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Papers of the Week

2019 Mar

Cell Transplant



Intravesical Administration of Xenogeneic Porcine Urothelial Cells Attenuates Cyclophosphamide-Induced Cystitis in Mice.


Huang C-P, Chen C-C, Tsai Y-T, Wu C-C, Shyr C-R
Cell Transplant. 2019 Mar; 28(3):296-305.
PMID: 30675801.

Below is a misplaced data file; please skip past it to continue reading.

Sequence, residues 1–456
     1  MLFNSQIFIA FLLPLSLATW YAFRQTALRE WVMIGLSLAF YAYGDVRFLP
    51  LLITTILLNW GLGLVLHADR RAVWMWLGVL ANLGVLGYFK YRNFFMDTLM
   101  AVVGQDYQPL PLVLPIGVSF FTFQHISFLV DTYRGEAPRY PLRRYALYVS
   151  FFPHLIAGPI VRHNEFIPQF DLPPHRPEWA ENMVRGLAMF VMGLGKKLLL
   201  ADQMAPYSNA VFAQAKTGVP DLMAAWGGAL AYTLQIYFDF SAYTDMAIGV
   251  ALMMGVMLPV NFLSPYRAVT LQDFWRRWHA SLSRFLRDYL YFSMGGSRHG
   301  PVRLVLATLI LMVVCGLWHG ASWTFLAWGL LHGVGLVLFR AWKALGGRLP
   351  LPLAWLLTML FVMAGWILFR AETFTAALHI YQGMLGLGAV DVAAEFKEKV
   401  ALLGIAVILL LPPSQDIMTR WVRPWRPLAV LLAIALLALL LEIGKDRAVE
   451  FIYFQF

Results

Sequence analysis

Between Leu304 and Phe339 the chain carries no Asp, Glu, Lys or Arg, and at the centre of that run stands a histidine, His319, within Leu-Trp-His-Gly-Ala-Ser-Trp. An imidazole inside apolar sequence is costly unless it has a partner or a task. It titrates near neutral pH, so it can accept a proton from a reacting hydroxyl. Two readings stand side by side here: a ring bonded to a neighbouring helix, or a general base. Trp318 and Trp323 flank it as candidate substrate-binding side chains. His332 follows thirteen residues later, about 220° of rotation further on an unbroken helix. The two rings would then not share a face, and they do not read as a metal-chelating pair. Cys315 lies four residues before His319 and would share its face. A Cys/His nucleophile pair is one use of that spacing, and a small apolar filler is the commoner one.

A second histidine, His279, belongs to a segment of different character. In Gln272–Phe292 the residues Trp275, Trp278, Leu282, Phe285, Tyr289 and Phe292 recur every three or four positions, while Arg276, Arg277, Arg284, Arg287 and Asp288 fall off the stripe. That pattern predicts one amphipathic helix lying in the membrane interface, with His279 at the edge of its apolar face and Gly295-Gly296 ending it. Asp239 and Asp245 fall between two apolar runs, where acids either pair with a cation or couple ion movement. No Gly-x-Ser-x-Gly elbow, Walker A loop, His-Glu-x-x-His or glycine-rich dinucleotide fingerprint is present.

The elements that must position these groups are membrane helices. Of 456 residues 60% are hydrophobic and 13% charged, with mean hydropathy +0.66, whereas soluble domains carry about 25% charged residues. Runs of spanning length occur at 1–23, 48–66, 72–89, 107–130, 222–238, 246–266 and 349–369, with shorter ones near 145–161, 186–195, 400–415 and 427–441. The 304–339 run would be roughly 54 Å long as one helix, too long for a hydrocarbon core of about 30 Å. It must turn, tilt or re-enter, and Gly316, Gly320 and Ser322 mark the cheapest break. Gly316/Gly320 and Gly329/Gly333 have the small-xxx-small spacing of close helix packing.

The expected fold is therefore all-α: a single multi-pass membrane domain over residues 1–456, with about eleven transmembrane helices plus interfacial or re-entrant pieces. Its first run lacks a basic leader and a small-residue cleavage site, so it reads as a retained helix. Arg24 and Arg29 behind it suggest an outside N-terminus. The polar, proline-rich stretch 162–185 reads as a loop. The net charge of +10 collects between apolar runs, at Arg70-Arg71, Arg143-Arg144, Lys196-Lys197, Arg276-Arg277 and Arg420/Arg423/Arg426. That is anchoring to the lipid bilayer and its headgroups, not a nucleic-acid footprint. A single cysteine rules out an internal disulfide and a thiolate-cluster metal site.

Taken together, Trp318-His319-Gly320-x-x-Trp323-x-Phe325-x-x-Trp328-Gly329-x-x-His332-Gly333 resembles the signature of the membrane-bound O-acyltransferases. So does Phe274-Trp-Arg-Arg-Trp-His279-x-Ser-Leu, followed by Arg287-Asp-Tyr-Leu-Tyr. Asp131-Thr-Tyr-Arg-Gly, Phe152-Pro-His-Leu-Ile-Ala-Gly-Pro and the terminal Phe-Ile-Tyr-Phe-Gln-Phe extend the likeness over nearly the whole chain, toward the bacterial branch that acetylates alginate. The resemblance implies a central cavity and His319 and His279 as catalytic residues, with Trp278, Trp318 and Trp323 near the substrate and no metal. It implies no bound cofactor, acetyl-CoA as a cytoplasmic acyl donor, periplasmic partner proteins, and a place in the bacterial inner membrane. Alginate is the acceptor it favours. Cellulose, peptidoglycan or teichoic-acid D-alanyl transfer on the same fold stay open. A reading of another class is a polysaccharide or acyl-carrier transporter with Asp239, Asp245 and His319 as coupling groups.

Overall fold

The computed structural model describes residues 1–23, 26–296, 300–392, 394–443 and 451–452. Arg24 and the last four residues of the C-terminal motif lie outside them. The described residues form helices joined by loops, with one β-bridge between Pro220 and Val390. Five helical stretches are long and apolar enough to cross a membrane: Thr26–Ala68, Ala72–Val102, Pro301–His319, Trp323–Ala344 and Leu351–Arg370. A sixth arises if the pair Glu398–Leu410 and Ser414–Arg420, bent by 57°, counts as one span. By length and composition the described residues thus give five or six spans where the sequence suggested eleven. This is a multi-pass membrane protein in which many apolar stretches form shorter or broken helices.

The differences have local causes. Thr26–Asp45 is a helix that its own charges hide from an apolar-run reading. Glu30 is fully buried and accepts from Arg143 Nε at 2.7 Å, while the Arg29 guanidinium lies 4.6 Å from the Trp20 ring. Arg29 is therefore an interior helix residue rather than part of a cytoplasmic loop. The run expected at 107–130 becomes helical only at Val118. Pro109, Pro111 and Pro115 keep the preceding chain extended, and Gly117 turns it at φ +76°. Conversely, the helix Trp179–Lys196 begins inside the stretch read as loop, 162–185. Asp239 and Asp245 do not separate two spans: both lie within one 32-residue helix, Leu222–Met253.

The urothelium of the bladder, renal pelvis, ureter and urethra is maintained through the regulated proliferation and differentiation of urothelial stem and progenitor cells. These cells provide a rich source of a novel urothelial cell therapy approach that could be used to protect, regenerate, repair and restore a damaged urothelium. Urothelial injury caused by physical, chemical and microbial stress is the pathological basis of cystitis (bladder inflammation). The loss of urothelial integrity triggers a series of inflammatory events, resulting in pain and hematuria such as hemorrhage cystitis and interstitial cystitis. Here we investigate a novel cell therapy strategy to treat cystitis by protecting the urothelium from detrimental stresses through intravesically instilling porcine urothelial cells (PUCs) into the bladder. Using a chemical-induced urothelial injury mouse model of cyclophosphamide (CPP)-induced hemorrhagic cystitis, we determined how the intravesical instillation of PUCs could protect the urothelium from toxic attack from CPP metabolites. We show that intravesical PUC instillation protected the bladder from toxic chemical attack in mice receiving CPP with reduced inflammation and edema. Compared with the vehicle control mice, the proliferative response to chemical injury and apoptotic cells within the bladder tissues were reduced by intravesical PUC treatment. Furthermore, the urothelium integrity was maintained in the intravesical PUC-treated group. After xenogeneic PUCs were introduced and adhered to the mouse urothelium, immunological rejection responses were observed with increased neutrophil infiltration in the lamina propria and higher immune-related gene expression. Our findings provide an innovative and promising intravesical PUC cell therapy for cystitis with urothelial injury by protecting the urothelium from noxious agents.